By Robert Preidt
THURSDAY, July 23, 2015 (HealthDay News) -- Soaring costs for cancer drugs are hurting patient care in the United States, a group of top oncologists claim.
"High cancer-drug prices are affecting the care of patients with cancer and our health care system," Dr. Ayalew Tefferi, a hematologist at Mayo Clinic in Rochester, Minn., said in a Mayo news release.
Tefferi and his colleagues made a number of recommendations on how to address the problem in a commentary published July 23 in the Mayo Clinic Proceedings.
Along with their recommendations, the group also expressed support for a patient-based grassroots movement on change.org that is demanding action on the issue.
"The average gross household income in the U.S. is about $52,000 per year. For an insured patient with cancer who needs a drug that costs $120,000 per year, the out-of-pocket expenses could be as much as $25,000 to $30,000 -- more than half their average household income," Tefferi explained in the news release.
A study published earlier this year in the Journal of Economic Perspectives found that cancer drug prices have increased an average of $8,500 a year over the past 15 years.
"When you consider that cancer will affect one in three individuals over their lifetime, and [with] recent trends in insurance coverage [that] put a heavy financial burden on patients with out-of-pocket expenses, you quickly see that the situation is not sustainable," Tefferi said. "It's time for patients and their physicians to call for change."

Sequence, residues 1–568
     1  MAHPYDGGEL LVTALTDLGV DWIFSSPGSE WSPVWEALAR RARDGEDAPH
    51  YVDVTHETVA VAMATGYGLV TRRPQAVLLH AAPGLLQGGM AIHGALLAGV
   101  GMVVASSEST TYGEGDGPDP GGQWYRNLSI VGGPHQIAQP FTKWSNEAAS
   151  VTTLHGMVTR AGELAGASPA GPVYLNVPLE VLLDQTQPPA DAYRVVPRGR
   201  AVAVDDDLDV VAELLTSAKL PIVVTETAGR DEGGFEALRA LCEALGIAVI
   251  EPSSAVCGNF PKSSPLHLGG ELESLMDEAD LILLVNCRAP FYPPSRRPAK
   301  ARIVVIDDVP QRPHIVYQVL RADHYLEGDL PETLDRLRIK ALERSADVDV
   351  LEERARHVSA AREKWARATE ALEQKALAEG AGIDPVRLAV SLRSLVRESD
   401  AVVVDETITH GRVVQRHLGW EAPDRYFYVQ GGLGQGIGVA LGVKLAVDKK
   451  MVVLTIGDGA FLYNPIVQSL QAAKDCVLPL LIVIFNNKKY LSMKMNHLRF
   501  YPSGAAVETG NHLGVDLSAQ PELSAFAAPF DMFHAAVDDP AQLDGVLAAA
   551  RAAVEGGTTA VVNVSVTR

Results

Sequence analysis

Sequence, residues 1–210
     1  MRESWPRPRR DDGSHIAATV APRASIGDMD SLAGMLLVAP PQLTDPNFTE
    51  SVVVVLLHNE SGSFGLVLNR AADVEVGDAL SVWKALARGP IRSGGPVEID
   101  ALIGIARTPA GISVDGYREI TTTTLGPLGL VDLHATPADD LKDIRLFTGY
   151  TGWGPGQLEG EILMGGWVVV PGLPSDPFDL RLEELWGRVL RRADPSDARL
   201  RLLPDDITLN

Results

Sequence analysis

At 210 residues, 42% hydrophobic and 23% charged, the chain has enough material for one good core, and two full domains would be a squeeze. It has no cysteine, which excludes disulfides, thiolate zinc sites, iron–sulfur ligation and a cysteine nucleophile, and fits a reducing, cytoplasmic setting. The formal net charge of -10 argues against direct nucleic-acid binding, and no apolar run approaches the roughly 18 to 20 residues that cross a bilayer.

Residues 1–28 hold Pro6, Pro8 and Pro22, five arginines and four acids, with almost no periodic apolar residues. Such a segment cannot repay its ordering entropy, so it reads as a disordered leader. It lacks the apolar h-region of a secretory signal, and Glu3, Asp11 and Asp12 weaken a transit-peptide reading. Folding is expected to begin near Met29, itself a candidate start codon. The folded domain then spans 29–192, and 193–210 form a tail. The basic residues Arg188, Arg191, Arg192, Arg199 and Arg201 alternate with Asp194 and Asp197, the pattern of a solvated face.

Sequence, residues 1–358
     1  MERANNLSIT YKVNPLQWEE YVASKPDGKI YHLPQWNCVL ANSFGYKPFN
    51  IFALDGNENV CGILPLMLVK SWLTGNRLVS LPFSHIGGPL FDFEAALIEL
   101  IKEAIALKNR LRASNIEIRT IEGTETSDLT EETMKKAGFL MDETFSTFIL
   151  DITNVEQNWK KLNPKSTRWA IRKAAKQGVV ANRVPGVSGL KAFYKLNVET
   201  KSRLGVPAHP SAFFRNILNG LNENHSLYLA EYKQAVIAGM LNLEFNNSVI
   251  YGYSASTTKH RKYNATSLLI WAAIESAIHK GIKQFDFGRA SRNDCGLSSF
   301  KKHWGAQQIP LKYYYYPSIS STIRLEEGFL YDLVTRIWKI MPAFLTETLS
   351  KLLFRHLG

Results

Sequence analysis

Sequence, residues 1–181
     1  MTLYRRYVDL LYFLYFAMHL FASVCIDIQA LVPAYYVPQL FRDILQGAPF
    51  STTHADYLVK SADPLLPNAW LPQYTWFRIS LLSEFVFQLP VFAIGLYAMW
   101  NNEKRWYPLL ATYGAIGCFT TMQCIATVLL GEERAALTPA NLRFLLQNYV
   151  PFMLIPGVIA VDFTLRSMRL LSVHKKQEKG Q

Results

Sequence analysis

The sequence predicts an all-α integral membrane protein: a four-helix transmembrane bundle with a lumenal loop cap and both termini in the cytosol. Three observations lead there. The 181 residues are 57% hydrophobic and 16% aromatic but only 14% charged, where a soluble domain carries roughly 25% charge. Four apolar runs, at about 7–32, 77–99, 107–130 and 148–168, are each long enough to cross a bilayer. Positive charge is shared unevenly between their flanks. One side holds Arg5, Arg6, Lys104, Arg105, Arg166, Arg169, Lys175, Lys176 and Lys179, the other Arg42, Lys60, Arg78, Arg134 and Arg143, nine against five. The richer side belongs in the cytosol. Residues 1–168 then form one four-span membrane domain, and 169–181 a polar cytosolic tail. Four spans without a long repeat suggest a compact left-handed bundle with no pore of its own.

The changes the commentary called for included:
- Create a review mechanism after a drug has been approved by the U.S. Food and Drug Administration that would propose a fair price for new cancer drugs that is based on the value to patients and health care.
- Allow the Patient-Centered Outcomes Research Institute -- established under the Affordable Care Act -- to evaluate the benefits of new cancer therapies, and let similar organizations include drug prices in their assessments of a treatment's value.
- Permit patients to import cancer drugs from other countries. For example, prices in Canada are about half that of prices in the United States, the experts said.
- Pass legislation to prevent drug companies from delaying the introduction of generic drugs, and reform the patent system to make it more difficult to unnecessarily extend patent protection of a drug.
- Encourage groups that represent cancer specialists and patients to consider the overall value of drugs and treatments when developing their treatment guidelines.
The group wrote that "it should be possible to focus the attention of pharmaceutical companies on this problem and to encourage our elected representatives to more effectively advocate for the interests of their most important constituents among the stakeholders in cancer -- American cancer patients."